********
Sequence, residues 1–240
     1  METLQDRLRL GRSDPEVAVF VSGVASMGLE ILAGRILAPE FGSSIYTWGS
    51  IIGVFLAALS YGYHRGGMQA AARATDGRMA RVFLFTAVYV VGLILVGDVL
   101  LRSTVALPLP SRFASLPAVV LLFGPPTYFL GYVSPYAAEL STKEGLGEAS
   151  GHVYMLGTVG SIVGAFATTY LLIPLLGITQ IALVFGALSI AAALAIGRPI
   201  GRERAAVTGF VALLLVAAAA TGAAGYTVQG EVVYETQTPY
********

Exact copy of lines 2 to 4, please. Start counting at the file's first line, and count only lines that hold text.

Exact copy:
     1  METLQDRLRL GRSDPEVAVF VSGVASMGLE ILAGRILAPE FGSSIYTWGS
    51  IIGVFLAALS YGYHRGGMQA AARATDGRMA RVFLFTAVYV VGLILVGDVL
   101  LRSTVALPLP SRFASLPAVV LLFGPPTYFL GYVSPYAAEL STKEGLGEAS